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Ivorians' Health Threatened By Street Medicine


"Street Medicine Kills" is the new slogan of a campaign to fight the sale of illegal, ineffective, counterfeit or stolen medicinal drugs being sold in stores and market stalls throughout Ivory Coast. But despite the effort, the market for illicit drugs is thriving.

In the Roxy market of the Adjame neighborhood in Abidjan, named after a former movie theater that went bankrupt years ago, women in their 40s now sit outside, selling rows and rows of what they say is medicine, for as little as 20 cents a bottle of pills, blood transfusion kit, or packet of tablets.

This woman, Fatoumata Kone, says she has everything to cure headaches, malaria, diabetes, sexually transmitted diseases, typhoid fever and hypertension - many of the common sicknesses in Ivory Coast.

She says buyers often come with prescriptions and she fills them with her products even though she does not have the education that would qualify her to do so.

Some women have tablets that they claim help alleviate AIDS, placed next to the usual array of products to cure sexual impotence or increase virility.

Another popular item is called Medicament Sur Place, literally translated as On the Spot Medicine, a huge white round tablet, of unknown origin. It is given to people suffering from a throbbing headache and chills - the first signs of malaria.

Another vendor says her clients are not only the desperately poor, but people with money as well. She says after the war in Ivory Coast drugs from pharmacies are just too expensive for sick people, let alone poor, sick people.

One such buyer is this 56-year-old man. He says he has many children, too many to count, and too many for his pocketbook. He says his pharmacy is here, in the streets. He says he thinks most of these drugs are cheaper because they come from places like Nigeria or Ghana that produce copies of western drugs.

He says he is well aware giving these drugs to his children might be dangerous, but adds he cannot afford legitimate medications and feels he has to do something for his children.

In a different area of the Adjame market is a somewhat more upscale version of the street drugs, a parallel market where stolen drugs from private and public pharmacies are sold. The women doing the selling here are younger, often the wives and girlfriends of drugstore employees or government workers doing the stealing.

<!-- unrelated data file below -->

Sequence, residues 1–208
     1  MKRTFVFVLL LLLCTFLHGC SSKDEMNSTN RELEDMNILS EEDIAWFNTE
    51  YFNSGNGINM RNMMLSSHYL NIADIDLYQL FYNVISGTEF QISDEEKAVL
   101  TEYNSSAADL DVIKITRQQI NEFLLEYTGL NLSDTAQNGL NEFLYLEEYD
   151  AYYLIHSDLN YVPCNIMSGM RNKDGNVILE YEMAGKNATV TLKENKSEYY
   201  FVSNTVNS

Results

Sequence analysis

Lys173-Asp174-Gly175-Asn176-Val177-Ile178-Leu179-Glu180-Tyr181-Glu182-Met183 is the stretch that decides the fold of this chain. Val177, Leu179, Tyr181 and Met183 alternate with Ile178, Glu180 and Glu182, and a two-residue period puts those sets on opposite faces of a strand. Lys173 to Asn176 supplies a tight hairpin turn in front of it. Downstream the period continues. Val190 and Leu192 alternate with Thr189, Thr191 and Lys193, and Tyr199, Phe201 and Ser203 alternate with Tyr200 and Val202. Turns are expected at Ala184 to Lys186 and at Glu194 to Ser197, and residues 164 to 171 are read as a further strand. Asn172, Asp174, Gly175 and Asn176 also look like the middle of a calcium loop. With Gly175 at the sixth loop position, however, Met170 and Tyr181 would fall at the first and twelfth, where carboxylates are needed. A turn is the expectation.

Here people refuse to be interviewed. The prices appear higher, but are still much lower than in pharmacies. Some of them are well past their expiration date. But business is brisk; much more so than in a spotless pharmacy store across the street.

There, the pharmacist is alone, idling behind big government posters in the windows, warning "Beware, Street Medicine Kills".

Pharmacist Gidas Gbassi is not blaming people for buying on-the-street drugs. He says they have to do something to survive. Since there is no health insurance in Africa and poverty is growing, he says it is probably going to be a problem for a long time.

But the head of the Health Ministry's so-called Sanitary Police, Michel Deli Gueu, does not accept such excuses. He says poverty or not, the use of unknown medicine is a real public-health danger. He explains most people buying street drugs might not realize they are putting their lives in danger, and making their health worse rather than better.

He says a the government will soon launch a crackdown on the street markets, zooming in on traffickers and those who establish, what he calls, the parallel and dangerous networks.

For the time being, many pharmacies have resorted to selling medicine without requiring prescriptions, boosting their sales a little. But these western-style drugstores are facing stiff competition from Chinese medicine, which like other Chinese products is usually about three times cheaper than those from the West.

Wearing a white blouse and thick white glasses in a store with boxes of Chinese medications, Suzanna Lee, explains her traditional, plant-based medicine is more affordable.

She says Chinese understand what it is like to be poor. She says people come to her and through an interpreter describe their ailments and she usually has what they need.

But there are many residents of Abidjan who cannot afford the Chinese medicine or the street drugs. Many of the poorest trek back to their native village to get treated by a local medicine man and his concoctions of traditional medicine. Many of them never return.

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